These trends are interesting for me. I see them in Russia too but in a lesser degree.
Among Western artists I appreciate Mark Arian. His paintings are excellent.
8. Do you see big differences between the Russian and the Western art of these days?
Yes, there are many adherents of old art schools among Russian artists. These are Repin’s, Serov’s, Savrasov’s, Polenov’s, Ayvazovskiy’s schools. The academic drawing, composition, complex color combinations, realness of picture, aerial and linear perspectives are very important for such artists. This tendency is particularly strong in the province, in the small towns.
9. Is there something that Western art could or should learn from the Russians?
I suppose our societies are in different social contexts now so they need different kinds of art. Western artists can paint academically but it's not in demand now. The same way Russian masters are interested in modern art and try themselves in postmodern art but it's not a mainstream. These distinctions are not good or bad. They are the fact. I think Western and Russian art must communicate, try to understand each other, to comprehend meanings are expressed by art. Art is the best way to reach agreement when words lead to miscommunication.
10. Who are the contemporary Russian artists you'd especially recommend us?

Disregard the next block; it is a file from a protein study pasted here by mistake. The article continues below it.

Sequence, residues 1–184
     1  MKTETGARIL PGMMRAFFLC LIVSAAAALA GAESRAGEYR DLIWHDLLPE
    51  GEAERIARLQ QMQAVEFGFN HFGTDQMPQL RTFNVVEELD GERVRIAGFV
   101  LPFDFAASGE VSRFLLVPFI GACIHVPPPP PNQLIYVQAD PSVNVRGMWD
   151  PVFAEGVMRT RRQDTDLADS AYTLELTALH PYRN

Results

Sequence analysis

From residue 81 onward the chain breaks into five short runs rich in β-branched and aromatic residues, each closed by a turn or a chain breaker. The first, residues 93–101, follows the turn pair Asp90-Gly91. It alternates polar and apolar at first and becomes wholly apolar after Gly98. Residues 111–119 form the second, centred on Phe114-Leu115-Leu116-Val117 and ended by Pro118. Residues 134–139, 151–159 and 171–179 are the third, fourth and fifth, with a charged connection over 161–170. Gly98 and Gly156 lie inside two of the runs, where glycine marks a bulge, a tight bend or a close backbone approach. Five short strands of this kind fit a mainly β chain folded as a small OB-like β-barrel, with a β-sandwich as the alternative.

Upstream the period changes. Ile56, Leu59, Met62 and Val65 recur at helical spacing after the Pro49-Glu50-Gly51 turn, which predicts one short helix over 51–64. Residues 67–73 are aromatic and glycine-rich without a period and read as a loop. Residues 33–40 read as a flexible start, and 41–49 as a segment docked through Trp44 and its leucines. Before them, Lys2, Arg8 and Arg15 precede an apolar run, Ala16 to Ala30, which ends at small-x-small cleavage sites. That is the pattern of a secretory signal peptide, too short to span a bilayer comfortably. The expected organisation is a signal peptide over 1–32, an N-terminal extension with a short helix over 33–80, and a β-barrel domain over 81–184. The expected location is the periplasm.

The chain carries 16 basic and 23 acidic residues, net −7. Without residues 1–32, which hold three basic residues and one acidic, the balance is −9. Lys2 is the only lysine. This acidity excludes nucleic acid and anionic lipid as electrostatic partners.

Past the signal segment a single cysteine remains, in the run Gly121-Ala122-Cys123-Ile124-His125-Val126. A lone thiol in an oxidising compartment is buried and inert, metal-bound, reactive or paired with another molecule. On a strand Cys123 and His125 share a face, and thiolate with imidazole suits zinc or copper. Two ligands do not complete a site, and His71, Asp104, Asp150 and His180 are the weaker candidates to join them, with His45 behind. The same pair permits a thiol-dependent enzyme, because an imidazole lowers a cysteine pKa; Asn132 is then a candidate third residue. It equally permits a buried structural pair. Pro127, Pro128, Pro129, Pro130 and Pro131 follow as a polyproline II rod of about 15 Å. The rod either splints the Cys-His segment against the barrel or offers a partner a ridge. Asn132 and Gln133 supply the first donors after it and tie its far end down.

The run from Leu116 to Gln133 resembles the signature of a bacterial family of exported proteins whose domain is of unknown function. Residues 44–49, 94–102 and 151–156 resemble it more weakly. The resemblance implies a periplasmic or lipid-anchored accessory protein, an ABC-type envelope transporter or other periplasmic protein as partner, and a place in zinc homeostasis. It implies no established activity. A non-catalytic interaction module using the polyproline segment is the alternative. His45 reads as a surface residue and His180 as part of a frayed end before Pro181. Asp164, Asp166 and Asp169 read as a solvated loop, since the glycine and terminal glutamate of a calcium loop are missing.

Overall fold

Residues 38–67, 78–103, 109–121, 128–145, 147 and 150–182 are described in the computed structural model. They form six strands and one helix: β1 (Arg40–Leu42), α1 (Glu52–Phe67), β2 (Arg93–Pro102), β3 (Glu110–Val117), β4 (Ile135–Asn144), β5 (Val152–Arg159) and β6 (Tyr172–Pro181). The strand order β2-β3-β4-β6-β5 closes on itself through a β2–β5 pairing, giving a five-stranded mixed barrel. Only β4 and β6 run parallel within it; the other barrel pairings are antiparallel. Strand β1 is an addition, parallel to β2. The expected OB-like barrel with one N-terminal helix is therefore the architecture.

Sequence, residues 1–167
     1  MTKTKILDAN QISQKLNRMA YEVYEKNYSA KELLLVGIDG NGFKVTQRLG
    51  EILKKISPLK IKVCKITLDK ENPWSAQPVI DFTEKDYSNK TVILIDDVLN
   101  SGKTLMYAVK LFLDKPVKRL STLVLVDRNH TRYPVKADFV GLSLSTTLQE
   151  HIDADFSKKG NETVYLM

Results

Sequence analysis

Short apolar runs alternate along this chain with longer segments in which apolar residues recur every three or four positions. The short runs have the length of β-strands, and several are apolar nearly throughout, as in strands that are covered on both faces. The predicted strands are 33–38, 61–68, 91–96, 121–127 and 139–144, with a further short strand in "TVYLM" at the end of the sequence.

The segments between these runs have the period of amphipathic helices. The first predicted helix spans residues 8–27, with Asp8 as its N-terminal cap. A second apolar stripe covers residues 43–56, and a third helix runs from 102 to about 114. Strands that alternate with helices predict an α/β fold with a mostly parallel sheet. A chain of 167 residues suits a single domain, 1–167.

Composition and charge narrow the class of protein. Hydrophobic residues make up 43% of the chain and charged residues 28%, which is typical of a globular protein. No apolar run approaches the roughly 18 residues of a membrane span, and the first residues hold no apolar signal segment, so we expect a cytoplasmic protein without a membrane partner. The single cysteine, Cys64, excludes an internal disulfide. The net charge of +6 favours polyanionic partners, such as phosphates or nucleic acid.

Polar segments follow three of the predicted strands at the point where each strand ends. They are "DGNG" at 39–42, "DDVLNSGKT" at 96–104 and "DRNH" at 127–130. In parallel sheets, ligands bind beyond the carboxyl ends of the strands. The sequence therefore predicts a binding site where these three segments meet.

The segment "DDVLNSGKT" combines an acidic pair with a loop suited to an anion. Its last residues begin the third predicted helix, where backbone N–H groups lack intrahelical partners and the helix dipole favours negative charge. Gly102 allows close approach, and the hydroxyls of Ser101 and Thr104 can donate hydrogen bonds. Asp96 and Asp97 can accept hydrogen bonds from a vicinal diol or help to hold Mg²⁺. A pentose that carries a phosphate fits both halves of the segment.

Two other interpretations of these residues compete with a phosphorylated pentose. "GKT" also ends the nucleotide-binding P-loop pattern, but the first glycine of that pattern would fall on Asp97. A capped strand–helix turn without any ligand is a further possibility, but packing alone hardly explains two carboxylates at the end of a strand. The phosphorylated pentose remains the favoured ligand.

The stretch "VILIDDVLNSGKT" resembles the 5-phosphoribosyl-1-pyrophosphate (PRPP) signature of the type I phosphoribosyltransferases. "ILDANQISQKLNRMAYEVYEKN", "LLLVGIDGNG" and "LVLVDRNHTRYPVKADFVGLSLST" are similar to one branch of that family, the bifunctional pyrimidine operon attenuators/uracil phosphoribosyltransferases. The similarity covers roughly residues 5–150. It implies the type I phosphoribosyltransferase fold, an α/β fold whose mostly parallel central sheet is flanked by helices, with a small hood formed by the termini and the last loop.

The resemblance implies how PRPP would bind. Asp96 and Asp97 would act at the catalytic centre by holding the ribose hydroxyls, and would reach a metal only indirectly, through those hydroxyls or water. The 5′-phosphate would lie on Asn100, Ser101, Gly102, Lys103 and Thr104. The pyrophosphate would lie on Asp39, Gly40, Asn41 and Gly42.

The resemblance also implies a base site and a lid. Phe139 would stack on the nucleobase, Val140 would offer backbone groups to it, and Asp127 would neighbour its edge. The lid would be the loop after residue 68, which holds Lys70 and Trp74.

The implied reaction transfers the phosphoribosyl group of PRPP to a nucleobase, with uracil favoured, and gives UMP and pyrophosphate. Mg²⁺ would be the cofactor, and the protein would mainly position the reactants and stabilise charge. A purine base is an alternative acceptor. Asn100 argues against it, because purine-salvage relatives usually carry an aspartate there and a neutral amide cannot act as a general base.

Alexy Pleshkov (Алексей Плешков)
Stanislav Brusilov (Станислав Брусилов)
11. You give free online lessons for people, who want to learn painting themselves... tell us something about these „webinars“.
Some time ago I noticed that many of people want to create but don't know how. They search for books, guides, and videos about it. Businessmen, housewives, physicians, teachers and others are interested in developing their creative nature. Moscowites can visit my studio. They study oil painting bases and improve their academic drawing skills. However many of people can't do that because they live in another cities and countries or they don't have enough money. So I decided to give such free online lessons for all who want to learn painting. During 3 hours I show how to paint the picture. My assistants wrote down places where my online students live. It's very wide geography – from Australia to USA. But the most part of students is from Russia of course. I try to make taking part in these webinars more interesting and comfortable. So I will conduct them at a special web room on my website www.k-artina.ru after 1st January 2016.
It's wonderful, I suppose, that more and more people pursue art.
12. Any last words...?
It's not necessary to be a professional painter for creating beautiful things. Creativity can be expressed in any activity: science, relations, life. It's one of the main part in the chain of world cognition. So let people create in their spheres.
And I want to thank my wife for her help in interview translation.